Unbound has a vast array of configuration options for advanced use cases, which can seem a little overwhelming at first. Luckily, all of the defaults are sensible and secure, so in a lot of environments you can run Unbound without changing any options. Below we will go through a basic, recommended config, but feel free to add and experiment with options as you need them.
The instructions in this page assume that Unbound is already installed.
The basic configuration which you can use out of the box is shown below. To use it, you need to create a file with this config as its content (or copy the config to the default config file which can be found during the installation process).
server: # can be uncommented if you do not need user privilige protection # username: "" # can be uncommented if you do not need file access protection # chroot: "" # location of the trust anchor file that enables DNSSEC. note that # the location of this file can elsewhere auto-trust-anchor-file: "/usr/local/etc/unbound/root.key" # auto-trust-anchor-file: "/var/lib/unbound/root.key" # send minimal amount of information to upstream servers to enhance privacy qname-minimisation: yes # specify the interfaces to answer queries from by ip-address. interface: 0.0.0.0 # interface: ::0 # addresses from the IP range that are allowed to connect to the resolver access-control: 192.168.0.0/16 allow # access-control: 2001:DB8/64 allow
By default the Unbound config uses chroot to provide an extra layer of defence
against remote exploits. If Unbound is not starting because it cannot access
files due to permission errors caused by chroot, a solution can be to
enter file paths as full pathnames starting at the root of the filesystem
/). Otherwise, if chroot is not required you can disable it in
# disable chroot chroot: ""
By default Unbound assumes that a user named “unbound” exists, which you can add
this user with an account management tool available on your system. You can also
disable this feature by adding
username: "" in the config. If it is enabled,
after the setup, any other user privileges are dropped and the configured
username is assumed. If this user needs access to files (such as the ‘trust
anchor’ mentioned below) these can be created by executing with
unbound in front of it.
Unbound comes with the unbound-checkconf(8) tool. This tool allows you to check the config file for errors before starting Unbound. It is very convenient because if any errors are found it tells you where they are, which is particularly useful when Unbound is already running to avoid failure to restart due to a configuration error.
Set up Remote Control¶
A useful functionality to enable is the use of the unbound-control
command. This allows command makes starting, stopping, and reloading Unbound
easier. To enable this functionality we need to add
remote-control to the
config and enable it.
remote-control: # enable remote-control control-enable: yes # location of the files created by unbound-control-setup # server-key-file: "/usr/local/etc/unbound/unbound_server.key" # server-cert-file: "/usr/local/etc/unbound/unbound_server.pem" # control-key-file: "/usr/local/etc/unbound/unbound_control.key" # control-cert-file: "/usr/local/etc/unbound/unbound_control.pem"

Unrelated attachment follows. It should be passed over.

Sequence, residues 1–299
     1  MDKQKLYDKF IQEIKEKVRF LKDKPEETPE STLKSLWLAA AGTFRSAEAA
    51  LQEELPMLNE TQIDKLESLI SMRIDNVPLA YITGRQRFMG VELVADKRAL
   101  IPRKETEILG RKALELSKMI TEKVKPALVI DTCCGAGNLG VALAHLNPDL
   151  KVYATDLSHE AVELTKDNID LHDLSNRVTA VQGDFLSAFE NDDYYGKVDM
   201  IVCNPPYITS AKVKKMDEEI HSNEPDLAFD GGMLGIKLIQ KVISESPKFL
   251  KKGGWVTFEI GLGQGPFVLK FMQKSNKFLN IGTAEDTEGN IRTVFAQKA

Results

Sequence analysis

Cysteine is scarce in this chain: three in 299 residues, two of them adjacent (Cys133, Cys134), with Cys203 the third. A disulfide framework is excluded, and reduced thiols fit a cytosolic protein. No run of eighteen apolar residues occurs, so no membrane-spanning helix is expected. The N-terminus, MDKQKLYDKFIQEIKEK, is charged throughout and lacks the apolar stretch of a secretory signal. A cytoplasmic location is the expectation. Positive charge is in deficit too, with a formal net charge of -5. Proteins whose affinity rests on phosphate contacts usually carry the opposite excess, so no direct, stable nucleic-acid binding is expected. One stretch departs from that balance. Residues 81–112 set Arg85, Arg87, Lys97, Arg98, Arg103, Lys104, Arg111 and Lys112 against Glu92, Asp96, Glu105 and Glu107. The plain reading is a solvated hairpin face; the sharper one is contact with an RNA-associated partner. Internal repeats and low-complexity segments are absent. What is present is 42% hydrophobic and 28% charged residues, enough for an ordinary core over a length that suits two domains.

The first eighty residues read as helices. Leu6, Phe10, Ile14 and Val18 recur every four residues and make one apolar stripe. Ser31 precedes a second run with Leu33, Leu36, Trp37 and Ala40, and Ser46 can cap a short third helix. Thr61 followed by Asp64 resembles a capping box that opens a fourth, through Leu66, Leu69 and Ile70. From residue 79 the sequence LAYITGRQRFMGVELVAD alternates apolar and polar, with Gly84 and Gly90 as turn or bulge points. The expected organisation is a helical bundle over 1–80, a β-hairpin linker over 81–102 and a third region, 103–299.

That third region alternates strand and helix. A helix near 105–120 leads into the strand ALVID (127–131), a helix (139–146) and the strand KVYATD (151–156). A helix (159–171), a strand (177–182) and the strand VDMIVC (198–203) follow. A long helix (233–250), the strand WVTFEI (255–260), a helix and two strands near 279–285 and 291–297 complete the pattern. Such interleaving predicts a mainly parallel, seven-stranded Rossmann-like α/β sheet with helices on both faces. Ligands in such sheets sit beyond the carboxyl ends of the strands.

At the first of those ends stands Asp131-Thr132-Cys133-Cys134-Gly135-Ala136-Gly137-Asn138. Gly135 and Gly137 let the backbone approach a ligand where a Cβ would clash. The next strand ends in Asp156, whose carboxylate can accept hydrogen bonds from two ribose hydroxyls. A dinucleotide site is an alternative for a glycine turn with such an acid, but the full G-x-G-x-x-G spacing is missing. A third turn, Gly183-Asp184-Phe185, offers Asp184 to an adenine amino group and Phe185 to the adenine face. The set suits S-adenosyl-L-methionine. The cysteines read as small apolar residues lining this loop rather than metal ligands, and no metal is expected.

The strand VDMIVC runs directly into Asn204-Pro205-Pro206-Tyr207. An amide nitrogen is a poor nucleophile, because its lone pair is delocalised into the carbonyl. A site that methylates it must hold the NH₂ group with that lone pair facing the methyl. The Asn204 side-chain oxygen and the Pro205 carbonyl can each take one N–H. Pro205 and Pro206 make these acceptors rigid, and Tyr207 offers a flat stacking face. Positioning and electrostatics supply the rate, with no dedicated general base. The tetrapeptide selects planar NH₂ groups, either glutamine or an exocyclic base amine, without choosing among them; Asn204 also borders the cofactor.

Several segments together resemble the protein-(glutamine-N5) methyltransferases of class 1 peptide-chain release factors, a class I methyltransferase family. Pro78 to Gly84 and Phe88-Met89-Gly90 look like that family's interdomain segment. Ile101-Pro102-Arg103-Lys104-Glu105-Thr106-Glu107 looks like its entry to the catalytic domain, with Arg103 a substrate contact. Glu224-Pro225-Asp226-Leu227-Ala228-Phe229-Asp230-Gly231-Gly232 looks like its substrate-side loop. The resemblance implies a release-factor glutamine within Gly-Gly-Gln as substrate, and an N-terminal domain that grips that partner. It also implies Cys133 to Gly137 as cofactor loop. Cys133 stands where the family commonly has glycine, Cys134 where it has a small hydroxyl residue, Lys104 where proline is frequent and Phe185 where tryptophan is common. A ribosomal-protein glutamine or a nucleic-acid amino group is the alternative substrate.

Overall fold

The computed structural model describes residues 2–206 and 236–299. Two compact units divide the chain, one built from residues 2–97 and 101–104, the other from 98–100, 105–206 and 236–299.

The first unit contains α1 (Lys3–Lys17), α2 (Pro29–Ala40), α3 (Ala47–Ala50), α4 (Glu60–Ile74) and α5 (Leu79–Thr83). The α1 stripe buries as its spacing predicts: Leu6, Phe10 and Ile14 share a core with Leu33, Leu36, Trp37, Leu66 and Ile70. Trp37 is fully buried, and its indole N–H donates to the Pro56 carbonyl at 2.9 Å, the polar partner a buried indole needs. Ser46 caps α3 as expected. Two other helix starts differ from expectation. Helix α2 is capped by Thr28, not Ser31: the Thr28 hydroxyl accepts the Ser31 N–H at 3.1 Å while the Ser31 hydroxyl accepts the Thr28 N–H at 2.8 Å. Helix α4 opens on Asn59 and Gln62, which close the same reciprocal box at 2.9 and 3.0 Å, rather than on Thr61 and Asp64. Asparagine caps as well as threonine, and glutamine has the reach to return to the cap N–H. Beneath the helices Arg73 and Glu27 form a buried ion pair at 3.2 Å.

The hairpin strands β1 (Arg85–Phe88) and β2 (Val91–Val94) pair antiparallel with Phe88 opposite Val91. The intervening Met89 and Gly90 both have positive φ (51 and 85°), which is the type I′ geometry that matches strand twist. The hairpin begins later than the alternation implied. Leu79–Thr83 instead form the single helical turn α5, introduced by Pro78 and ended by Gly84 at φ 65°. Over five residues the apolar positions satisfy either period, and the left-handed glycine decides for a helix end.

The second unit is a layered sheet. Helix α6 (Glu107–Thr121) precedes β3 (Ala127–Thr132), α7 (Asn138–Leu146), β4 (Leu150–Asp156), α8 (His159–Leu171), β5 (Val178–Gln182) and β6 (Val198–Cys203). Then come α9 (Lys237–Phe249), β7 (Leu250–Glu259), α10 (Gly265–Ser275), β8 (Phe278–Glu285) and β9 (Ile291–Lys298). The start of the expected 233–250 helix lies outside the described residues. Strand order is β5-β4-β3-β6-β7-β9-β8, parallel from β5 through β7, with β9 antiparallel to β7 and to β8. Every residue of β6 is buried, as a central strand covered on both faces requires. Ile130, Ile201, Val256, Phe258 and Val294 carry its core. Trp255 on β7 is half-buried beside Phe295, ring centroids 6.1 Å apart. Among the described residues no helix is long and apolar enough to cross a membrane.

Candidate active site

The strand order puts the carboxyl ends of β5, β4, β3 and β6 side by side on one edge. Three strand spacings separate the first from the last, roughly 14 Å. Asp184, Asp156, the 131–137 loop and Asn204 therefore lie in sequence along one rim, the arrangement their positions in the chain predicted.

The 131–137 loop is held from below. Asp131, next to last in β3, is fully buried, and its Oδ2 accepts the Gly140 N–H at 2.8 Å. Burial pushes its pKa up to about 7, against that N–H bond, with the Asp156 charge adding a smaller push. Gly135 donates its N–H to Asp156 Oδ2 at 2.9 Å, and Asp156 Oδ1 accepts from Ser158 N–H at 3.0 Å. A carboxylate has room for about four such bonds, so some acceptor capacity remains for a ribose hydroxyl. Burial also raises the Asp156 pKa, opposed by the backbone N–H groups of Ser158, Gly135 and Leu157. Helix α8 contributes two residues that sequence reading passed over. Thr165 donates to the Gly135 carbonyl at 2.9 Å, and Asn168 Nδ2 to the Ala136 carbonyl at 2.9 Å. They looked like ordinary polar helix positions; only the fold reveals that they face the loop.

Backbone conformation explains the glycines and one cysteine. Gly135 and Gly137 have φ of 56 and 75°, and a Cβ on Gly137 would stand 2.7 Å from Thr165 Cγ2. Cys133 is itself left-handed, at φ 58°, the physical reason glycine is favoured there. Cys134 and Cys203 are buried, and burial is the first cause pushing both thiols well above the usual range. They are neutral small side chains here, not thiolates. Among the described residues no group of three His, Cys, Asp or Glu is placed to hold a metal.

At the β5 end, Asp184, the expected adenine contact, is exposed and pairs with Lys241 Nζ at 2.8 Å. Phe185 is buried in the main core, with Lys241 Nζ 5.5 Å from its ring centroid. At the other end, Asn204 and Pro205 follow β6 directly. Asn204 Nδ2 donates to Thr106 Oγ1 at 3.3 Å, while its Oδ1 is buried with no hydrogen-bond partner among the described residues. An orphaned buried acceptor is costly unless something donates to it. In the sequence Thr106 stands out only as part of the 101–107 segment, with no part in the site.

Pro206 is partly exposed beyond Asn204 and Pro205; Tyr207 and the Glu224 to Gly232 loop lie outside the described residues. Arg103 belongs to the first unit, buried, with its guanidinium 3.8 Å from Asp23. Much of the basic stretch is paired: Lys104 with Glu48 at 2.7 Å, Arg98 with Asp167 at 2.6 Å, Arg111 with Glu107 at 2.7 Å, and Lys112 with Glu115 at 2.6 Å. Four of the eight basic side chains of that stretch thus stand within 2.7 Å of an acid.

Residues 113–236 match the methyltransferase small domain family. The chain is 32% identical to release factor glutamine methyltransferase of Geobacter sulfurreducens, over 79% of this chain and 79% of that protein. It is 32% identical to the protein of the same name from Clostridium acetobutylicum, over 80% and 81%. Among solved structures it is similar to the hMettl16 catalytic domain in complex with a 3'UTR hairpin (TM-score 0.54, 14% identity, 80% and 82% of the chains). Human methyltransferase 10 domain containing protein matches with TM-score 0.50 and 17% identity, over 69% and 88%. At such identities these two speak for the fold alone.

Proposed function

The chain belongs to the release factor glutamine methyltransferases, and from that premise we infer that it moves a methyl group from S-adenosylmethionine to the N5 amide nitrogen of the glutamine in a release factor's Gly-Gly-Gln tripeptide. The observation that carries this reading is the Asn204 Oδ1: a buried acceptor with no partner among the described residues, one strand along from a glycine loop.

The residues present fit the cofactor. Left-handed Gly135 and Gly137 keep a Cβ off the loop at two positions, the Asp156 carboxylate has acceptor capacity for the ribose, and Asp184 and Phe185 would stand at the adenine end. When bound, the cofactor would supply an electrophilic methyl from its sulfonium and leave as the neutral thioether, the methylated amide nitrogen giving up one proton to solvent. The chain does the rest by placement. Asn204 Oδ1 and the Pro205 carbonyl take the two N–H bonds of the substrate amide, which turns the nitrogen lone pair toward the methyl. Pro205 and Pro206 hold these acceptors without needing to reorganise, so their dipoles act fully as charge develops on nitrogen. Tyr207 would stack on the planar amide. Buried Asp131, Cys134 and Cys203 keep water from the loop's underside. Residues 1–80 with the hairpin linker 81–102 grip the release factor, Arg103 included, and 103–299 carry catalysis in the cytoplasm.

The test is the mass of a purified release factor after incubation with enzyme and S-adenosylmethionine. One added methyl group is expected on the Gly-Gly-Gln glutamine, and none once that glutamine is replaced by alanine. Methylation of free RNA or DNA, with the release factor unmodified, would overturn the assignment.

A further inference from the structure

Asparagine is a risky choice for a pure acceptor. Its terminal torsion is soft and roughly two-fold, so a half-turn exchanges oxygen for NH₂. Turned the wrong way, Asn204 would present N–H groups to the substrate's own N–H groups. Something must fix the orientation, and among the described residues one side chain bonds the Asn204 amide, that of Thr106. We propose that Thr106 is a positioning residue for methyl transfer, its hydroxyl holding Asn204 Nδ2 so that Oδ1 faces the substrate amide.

To use the unbound-control command, we need to invoke the
unbound-control-setup command. This creates a number of files in the
default install directory. The default install directory is
/usr/local/etc/unbound/ on most systems, but some distributions may put it
Apart from an extensive config file, with just about all the possible configuration options, unbound-control-setup creates the cryptographic keys necessary for the control option.
If you use a username like
unbound in the config to run the daemon (which is
the default setting), you can use sudo to create the files in that
user’s name, so that the user running Unbound is allowed to read the keys. This
is also a solution if the
/usr/local/etc/unbound/ (or any other default
direcotry) directory is write-protected, which is the case for some
sudo -u unbound unbound-control-setup
You can now control Unbound using the unbound-control command. Note
that if your configuration file is not in the default location or not named
unbound.conf, the name (and possibly path) need to be provided when using
the command using the
Set up Trust Anchor (Enable DNSSEC)¶
To enable DNSSEC, which we strongly recommend, we need to set up a trust anchor as it allows the verification of the integrity of the responses to the queries you send.
To help, we can use the unbound-anchor command.
unbound-anchor performs the setup by configuring a trust anchor. This
trust anchor will only serve as the initial anchor from builtin values. To keep
this anchor up to date, Unbound must be able to read and write to this file. The
default location that unbound-anchor creates this in is determined by
your installation method. Usually the default directory is
Note that using a package manager to install Unbound, on some distributions,
creates the root key during installation. On Ubuntu 20.04.1 LTS for example,
this location is
/var/lib/unbound/root.key. On macOS Big Sur this location
/opt/homebrew/etc/unbound/root.key If you create the root key yourself
(by using the unbound-anchor command), then the path to the anchor
file in the configuration file should be changed to the correct location. To
find out the default location you can use the unbound-anchor command
again with the
-vvv option enabled. To enable DNSSEC, we add
auto-trust-anchor-file under the
server options in the config.
# enable DNSSEC auto-trust-anchor-file: "/var/lib/unbound/root.key"
Note that on some systems the
/usr/local/etc/unbound/ directory might be
If the unbound-control-setup command fails due to the insufficient
permissions, run the command as the correct user, here we use the user
unbound as this is the default user.
sudo -u unbound unbound-anchor
This step is also important when using the